Finance Monthly - August 2022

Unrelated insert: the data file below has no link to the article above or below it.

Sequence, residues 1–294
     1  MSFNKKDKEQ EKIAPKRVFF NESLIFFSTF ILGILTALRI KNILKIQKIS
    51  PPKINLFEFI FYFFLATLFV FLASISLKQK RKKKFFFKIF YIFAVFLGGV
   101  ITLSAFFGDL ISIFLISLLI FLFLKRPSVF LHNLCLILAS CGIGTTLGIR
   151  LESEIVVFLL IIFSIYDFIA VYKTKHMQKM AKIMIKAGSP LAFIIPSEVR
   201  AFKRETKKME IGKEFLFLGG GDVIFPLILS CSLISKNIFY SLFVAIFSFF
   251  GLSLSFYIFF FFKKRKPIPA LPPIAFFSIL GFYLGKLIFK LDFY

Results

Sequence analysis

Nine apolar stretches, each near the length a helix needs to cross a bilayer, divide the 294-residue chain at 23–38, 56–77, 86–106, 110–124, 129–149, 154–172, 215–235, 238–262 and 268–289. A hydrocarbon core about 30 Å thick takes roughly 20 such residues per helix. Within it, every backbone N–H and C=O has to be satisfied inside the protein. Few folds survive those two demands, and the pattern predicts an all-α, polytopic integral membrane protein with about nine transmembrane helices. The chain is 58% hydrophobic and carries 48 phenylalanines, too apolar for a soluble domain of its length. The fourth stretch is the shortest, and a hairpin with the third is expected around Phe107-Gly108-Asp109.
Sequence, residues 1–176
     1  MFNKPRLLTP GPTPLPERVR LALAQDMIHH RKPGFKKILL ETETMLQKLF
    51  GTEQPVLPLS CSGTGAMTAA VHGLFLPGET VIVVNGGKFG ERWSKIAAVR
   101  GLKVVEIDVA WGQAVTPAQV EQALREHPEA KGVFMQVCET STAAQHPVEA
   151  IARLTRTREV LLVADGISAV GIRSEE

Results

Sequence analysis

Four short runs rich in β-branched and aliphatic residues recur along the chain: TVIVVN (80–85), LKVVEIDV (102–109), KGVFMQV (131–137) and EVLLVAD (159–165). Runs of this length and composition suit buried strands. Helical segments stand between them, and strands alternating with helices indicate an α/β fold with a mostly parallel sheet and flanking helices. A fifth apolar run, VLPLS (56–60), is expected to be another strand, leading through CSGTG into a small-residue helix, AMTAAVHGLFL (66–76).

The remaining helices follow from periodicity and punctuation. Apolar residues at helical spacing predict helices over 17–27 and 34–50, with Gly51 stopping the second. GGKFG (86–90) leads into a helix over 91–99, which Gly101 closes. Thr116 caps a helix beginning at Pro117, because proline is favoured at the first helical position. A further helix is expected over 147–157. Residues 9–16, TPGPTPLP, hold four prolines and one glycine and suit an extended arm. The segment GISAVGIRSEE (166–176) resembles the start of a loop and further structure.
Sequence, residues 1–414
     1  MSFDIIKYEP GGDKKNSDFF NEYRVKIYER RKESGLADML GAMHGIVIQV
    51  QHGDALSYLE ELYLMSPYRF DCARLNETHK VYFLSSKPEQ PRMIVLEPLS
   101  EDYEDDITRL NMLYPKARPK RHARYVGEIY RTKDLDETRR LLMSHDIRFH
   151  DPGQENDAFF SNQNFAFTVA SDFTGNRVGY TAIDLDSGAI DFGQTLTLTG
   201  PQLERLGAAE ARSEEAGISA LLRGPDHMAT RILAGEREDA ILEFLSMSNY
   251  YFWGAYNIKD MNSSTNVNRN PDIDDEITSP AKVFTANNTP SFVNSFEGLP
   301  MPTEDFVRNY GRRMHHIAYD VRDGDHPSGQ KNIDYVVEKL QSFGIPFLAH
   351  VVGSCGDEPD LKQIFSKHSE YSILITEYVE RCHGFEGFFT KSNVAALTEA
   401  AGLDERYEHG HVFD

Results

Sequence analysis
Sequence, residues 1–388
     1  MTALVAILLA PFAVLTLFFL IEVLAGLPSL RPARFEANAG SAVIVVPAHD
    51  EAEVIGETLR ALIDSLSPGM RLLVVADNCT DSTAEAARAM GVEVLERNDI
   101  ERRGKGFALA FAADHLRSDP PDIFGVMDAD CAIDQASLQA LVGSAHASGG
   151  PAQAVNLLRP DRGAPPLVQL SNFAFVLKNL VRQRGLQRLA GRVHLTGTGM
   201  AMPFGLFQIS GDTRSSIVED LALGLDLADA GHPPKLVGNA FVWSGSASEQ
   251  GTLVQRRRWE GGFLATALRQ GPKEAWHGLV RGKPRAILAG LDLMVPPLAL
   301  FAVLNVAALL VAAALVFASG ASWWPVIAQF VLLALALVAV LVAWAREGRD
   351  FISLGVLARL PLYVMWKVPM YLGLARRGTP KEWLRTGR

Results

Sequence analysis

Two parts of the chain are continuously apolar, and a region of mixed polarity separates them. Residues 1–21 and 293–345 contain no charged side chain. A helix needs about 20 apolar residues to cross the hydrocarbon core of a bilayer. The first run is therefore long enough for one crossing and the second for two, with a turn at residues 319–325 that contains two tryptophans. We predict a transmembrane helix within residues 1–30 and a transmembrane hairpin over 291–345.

Firstly, would you please briefly explain what Due Diligence is? Due Diligence is a process that should be undertaken to better understand the person, organisation, or business you are considering transacting with. Think of it as a risk management activity. It is an essential element of business and for those companies regulated for the purposes of money laundering, is fundamental to their compliance with legislation and good governance. In my opinion, Due Diligence is an investigatory function and should be treated as such. A failure to conduct it appropriately leaves the business exposed to a range of issues including regulatory intervention, reputational damage and has been seen in the media many times, including court action. When is Due Diligence most commonly used? Companies that work in the financial services industry are well acquainted with Due Diligence. It is an obligation that they must undertake to ensure that funds or other assets they are receiving are not tainted from any connection to money laundering, tax evasion, criminality, terrorism, weapons of mass destruction or anything that may cause their organisation harm. However, there are other applications for it, mergers and takeovers are good examples. What does the process for Due Diligence typically look like? I always say when I train compliance officers that the depth of information obtained from the client or business is fundamental. So, the first stage in the process is collecting data from the subject, this can be referred to as KYC, or ‘Know Your Customer’, and it should be thorough. What I mean by that is things like full names, previous names, physical and email addresses, a certified full-colour image of an identity document and proof of address, such as a utility bill are the minimum requirements. At that point, an initial assessment should be undertaken to identify any obvious exposure or issues. It might be that the customer lives or operates in a high-risk jurisdiction, or their business offers products and services that are beyond the tolerance of the organisation that is considering onboarding them. To fully understand those risks is where Due Diligence can assist, and where people like me come in. It tends to be the case that I will be contacted and engaged directly by a client. For reasons of confidentiality, Finance Monthly. Bank i ng & F i nanc i a l Se r v i ce s 35

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